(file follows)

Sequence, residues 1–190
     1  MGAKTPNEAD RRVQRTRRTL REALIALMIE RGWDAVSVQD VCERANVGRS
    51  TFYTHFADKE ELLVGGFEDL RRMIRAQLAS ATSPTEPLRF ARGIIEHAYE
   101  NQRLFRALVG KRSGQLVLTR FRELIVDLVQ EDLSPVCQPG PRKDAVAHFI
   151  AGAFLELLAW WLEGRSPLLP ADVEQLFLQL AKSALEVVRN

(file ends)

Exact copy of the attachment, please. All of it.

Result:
Sequence, residues 1–190
     1  MGAKTPNEAD RRVQRTRRTL REALIALMIE RGWDAVSVQD VCERANVGRS
    51  TFYTHFADKE ELLVGGFEDL RRMIRAQLAS ATSPTEPLRF ARGIIEHAYE
   101  NQRLFRALVG KRSGQLVLTR FRELIVDLVQ EDLSPVCQPG PRKDAVAHFI
   151  AGAFLELLAW WLEGRSPLLP ADVEQLFLQL AKSALEVVRN